Man, 59, killed his pet rabbit by cooking it for THREE minutes in a microwave

October 10, 2014 | by | 0 Comments

A cruel pet owner killed his rabbit by cooking it in a MICROWAVE for three minutes, a court heard.

Paul Rogers bought the animal – which he named Fluffy George Fudge – from a pet shop and fed it dandelions in his guest house room.

But after five days he horrifically turned on the pet and put it in the microwave and switched it on for three minutes.

A microwave like the one that was used to kill the pet rabbit

A microwave like the one that was used to kill the pet rabbit



Rogers, 59, told a fellow resident it ‘squealed and wriggled’ as it suffered a lingering and painful death.

The other man found it dead lying on a saucepan lid when he went to feed it in Rogers’ room.

Rogers pleaded guilty with diminished responsibility to causing an animal unnecessary suffering and will be sentenced next month.

JPs that he had since become distressed about the incident, expressed remorse and maintains ‘all life is sacred’.

Magistrates in Cheltenham, Glos., heard that Rogers bought the rabbit ‘to rescue it from hoodies’ and took it to the Dorchester Guesthouse in Gloucester.

A few days later he told another resident he had put the pet in the microwave –  he thought he was taking the mickey.

But Rogers then left the guest house ‘in a state’ shortly afterwards and he found the dead animal.

Rogers turned up at a nearby overnight homeless shelter where he told a support worker that the rabbit had squealed and wriggled during the ordeal.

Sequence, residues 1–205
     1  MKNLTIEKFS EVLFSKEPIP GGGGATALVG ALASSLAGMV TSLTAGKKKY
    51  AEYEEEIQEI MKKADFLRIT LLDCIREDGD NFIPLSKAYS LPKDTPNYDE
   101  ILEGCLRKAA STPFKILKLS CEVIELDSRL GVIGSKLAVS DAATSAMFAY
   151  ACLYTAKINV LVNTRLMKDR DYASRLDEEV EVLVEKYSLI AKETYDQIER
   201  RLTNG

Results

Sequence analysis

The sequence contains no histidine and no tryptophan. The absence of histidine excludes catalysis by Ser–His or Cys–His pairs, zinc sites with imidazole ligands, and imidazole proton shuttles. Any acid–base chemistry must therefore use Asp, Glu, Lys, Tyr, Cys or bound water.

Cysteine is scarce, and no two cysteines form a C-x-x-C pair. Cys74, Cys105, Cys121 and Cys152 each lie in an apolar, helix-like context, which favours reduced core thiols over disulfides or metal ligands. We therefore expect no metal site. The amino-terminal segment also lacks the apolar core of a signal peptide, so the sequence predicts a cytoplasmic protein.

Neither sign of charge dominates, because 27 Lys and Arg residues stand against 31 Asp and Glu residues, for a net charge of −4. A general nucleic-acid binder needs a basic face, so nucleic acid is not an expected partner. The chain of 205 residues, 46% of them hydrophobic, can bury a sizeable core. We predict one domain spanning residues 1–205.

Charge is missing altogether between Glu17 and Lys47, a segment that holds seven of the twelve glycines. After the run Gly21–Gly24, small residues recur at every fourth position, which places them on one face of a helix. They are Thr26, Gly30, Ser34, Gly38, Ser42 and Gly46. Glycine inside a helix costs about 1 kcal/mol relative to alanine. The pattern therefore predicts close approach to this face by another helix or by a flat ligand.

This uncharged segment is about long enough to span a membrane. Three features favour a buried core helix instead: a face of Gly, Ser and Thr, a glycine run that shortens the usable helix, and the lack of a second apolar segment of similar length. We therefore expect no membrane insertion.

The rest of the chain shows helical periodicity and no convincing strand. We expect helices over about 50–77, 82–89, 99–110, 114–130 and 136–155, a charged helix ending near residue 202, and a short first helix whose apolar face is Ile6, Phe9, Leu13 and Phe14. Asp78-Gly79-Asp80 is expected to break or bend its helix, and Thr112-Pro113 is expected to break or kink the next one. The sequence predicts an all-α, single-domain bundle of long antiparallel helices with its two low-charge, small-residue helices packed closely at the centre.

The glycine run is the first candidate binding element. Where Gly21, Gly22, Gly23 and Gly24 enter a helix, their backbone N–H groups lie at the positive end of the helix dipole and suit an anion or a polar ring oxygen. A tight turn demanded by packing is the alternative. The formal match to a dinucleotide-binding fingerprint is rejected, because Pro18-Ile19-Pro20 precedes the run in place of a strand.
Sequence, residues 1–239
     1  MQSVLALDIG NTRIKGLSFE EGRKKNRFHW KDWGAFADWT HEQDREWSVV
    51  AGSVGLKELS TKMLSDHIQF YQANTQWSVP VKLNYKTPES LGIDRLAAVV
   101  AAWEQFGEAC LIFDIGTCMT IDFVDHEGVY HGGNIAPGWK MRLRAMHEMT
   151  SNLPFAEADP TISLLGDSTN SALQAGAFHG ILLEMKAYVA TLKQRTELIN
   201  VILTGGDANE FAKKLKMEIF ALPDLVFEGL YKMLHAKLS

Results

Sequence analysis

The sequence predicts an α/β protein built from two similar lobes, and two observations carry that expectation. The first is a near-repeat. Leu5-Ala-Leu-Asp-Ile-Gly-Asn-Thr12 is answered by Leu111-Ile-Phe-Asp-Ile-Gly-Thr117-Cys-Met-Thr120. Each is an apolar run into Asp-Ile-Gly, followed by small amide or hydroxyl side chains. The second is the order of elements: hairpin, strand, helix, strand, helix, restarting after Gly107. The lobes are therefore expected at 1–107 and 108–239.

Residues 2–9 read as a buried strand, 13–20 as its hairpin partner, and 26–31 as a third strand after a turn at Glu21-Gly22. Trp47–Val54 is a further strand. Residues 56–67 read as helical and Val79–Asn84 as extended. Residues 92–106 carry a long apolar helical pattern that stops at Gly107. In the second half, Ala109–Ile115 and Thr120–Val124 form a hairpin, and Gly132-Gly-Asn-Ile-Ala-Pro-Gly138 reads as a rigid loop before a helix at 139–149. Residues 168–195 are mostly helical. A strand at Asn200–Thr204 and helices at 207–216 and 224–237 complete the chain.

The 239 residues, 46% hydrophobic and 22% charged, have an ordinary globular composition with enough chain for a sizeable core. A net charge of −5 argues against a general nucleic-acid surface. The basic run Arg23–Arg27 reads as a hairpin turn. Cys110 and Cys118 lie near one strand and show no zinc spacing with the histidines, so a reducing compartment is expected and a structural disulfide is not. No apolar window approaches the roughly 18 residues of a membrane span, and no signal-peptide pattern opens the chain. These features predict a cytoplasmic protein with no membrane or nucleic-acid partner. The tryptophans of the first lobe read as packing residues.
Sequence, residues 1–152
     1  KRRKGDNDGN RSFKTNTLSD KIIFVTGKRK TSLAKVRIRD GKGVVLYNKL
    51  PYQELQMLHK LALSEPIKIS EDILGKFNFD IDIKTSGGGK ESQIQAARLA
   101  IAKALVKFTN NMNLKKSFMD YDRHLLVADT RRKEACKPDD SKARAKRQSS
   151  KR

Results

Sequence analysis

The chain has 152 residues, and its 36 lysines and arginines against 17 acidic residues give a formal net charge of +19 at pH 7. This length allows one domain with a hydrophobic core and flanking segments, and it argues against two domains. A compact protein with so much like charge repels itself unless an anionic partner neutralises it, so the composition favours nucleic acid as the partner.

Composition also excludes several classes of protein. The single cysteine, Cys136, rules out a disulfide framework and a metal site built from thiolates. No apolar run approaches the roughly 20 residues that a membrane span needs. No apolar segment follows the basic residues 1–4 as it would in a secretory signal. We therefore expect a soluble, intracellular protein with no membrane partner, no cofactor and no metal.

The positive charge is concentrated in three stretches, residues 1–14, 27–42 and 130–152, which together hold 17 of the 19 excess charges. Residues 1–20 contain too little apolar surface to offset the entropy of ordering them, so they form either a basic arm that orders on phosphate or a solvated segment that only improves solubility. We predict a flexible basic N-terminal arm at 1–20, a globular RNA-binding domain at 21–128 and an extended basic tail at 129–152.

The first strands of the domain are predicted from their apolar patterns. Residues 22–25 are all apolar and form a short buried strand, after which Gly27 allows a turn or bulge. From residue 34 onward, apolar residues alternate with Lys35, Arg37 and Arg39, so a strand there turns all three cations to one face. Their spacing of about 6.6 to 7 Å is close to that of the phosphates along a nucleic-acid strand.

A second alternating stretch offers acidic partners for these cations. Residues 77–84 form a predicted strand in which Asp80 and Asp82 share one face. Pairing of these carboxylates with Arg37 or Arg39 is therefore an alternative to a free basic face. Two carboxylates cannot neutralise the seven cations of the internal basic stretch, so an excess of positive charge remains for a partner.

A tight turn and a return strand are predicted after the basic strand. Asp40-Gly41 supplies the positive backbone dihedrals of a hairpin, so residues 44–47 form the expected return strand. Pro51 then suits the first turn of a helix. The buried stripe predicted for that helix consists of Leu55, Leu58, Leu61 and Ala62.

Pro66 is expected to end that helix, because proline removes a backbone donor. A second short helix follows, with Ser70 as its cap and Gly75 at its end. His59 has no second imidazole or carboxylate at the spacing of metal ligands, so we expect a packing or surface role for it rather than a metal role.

He was then interviewed by police at a local mental health facility where he confessed.

Prosecuting Rafe Turner told the court: “This is a single matter simply involving causing unnecessary suffering to a rabbit – a domestic pet.

“It lived with him for a short time, a matter of days, when he chose to put the rabbit in a microwave at the premises at which he was living, that being a room at the Dorchester Guesthouse.

“Quite clearly what was admitted was the demise of the rabbit, and that is what has occurred.

“There was a lingering and painful death which falls quite squarely into the most serious sentencing category.

“There was an attempt to kill or torture the rabbit and it is blatantly obvious that was the case.”

Helen Smith, defending, said Rogers’ culpability was far less than an average person because he was homeless, in poor health and had been sleeping rough for two months.

She said he was now very distressed about the incident, has expressed remorse and maintains  ‘all life is sacred’.

She told the bench: “When he was interviewed he was medically unwell.

“You have had read to you part of the interview done with Mr Rogers and I am sure you will find some of those comments alarming but also perceive an odd train of thought coming from him which gives testament that he is not a well man.

“This is, from his point of view, a cry for help. These words were coming from a man that suffers mental health issues.”

Rogers of no fixed abode pleaded guilty with diminished responsibility to causing an animal unnecessary suffering.

Sentencing was adjourned until November 4 while probation officers produce a report.
ENDS

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